A few decades after the halcyon days of Mad Men, advertising began to give way to a terrible step-child called Public Relations. The goal of PR was to build brands because, as it turns out, telling people to like your product is much harder than having someone else tell people to like it. In fact the former is pretty close to impossible — otherwise new companies would pop up constantly with promises that their widget was the best, and we’d nod our heads thinking, “They seem honest and legit! Five widgets please!”
There’s a lot of science to explain why we don’t trust advertising, and a pretty great book on the subject, but there’s a fundamental problem (for companies) with PR. While you can completely control the ads that people don’t trust, you can’t control public relations. At least not as much as you’d like. You can’t eat your cake and entice people to buy it, too.
To be fair, movie studios have accepted that shift relatively well — probably because PR solves the age-old problem of having to advertise a new product (and make millions of people believe in it) every other month or so. But now that the Aint It Coolism of internet movie sites has reached gargantuan levels, studios are scrambling for some semblance of control over the things they don’t want out in the open yet. The latest, biggest example is Paramount sending copyright violation notices to random Twitter users for sharing Teenage Mutant Ninja Turtles concept art.
The whole thing is next level weird. First in the timeline, hideous costumes were passed around as proof of what the iconic characters would look like in Jonathan Liebesman‘s forthcoming project, and nothing prompts a studio to provide (or leak) concept art faster than Halloween costumes and crappy pieces of plastic so it made sense to theorize that Paramount had sent out illicit pictures themselves. Apparently not. Or apparently one hand isn’t talking to the other. Or apparently Paramount is crazy like a fox that believes in chaos reigning.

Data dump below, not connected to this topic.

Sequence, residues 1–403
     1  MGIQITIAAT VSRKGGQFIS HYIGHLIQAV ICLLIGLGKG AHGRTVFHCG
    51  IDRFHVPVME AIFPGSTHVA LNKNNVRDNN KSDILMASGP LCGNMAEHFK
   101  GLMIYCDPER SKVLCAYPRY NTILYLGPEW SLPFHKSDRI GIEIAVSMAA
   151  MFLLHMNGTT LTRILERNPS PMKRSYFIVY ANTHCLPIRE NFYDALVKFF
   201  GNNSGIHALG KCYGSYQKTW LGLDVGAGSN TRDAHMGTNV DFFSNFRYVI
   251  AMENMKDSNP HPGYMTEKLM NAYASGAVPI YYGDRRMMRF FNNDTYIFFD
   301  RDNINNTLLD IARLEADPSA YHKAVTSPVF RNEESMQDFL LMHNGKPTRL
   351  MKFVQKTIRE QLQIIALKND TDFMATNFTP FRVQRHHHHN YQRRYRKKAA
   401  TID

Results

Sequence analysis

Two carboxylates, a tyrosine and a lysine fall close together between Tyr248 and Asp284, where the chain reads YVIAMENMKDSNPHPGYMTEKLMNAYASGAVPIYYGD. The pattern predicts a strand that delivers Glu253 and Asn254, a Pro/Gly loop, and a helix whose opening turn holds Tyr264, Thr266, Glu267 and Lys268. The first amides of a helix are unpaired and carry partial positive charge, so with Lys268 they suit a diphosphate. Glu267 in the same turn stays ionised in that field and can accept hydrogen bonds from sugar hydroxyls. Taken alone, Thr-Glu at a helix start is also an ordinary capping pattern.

Because almost immediately after the new pictures (which showed some stellar detail) surfaced, the studio sent Cease & Desist notices not only to websites, but also Twitter users who tweeted the images. Twitter users like this one, and this one, and this one. And probably a ton more because could you ever really stop the spread of an image on Twitter? Friend of the site Aaron Morgan was one of at least 34 people to receive a C&D notice for his feed via an official DMCA (Digital Millennium Copyright Act) take down notice sent through Twitter. He posted the image online, of course, on Twitter.
Some tweets had the image removed, some were deleted altogether, but it doesn’t seem like any of the feeds are in danger of being deleted for abuse.
But how is Paramount doing at punching back the tide? On the one hand, the images aren’t exactly clouding the #TMNT hashtag or anything, but it also only took a full 2 seconds to find the images still alive and well on Twitter. Naturally. I also pity the intern who has to monitor/hunt through Twitter to find versions of the pictures floating throughout the social network. It’d be like swatting flies in a shit factory.
What contributes even more to silly season is that there are still movie websites (some decently prominent ones) that I class-fully won’t mention by name who still have posts with the images up even as random fans on Twitter caught a C&D in their email. Oddity aside, there doesn’t seem to be a correlation with positive vs. negative posts, but that’s still the scary scenic view this new tactic places us at.
Paramount is 100% within their rights, and their actions make as much sense as Quentin Tarantino being pissed over the Hateful Eight script leak. They have millions riding on something as fragile as buzz and intent-to-watch, they have a coordinated marketing schedule, and that thing that happens to all geek properties has happened to their geek property. Putting the genie back into the bottle isn’t a bad first wish.
However, all of this matters because it proves what studios (and really any business) could do legally regarding commentary on copyrighted property of this kind. Today, a studio wanted to stifle the flow of material they (rightfully, absolutely) didn’t want in the public purview. Tomorrow, a studio might want to send C&D notices to everyone on Twitter who has something negative to say along with the photo they post, leaving the positive stuff to aggregate. In a sense, they’d be shaping their own PR by excising the bad stuff (to the extent that they could).
In theory, there’s a good faith agreement between studios and fans that they won’t push that far because they depend on us to create the buzz necessary for their success. Getting in the business of DMCA minutia would ultimately alienate all the people that keep a close eye on this stuff, which wouldn’t be wise. However, a studio wiping an image from a social network through copyright notices puts toothpaste into the whiskey.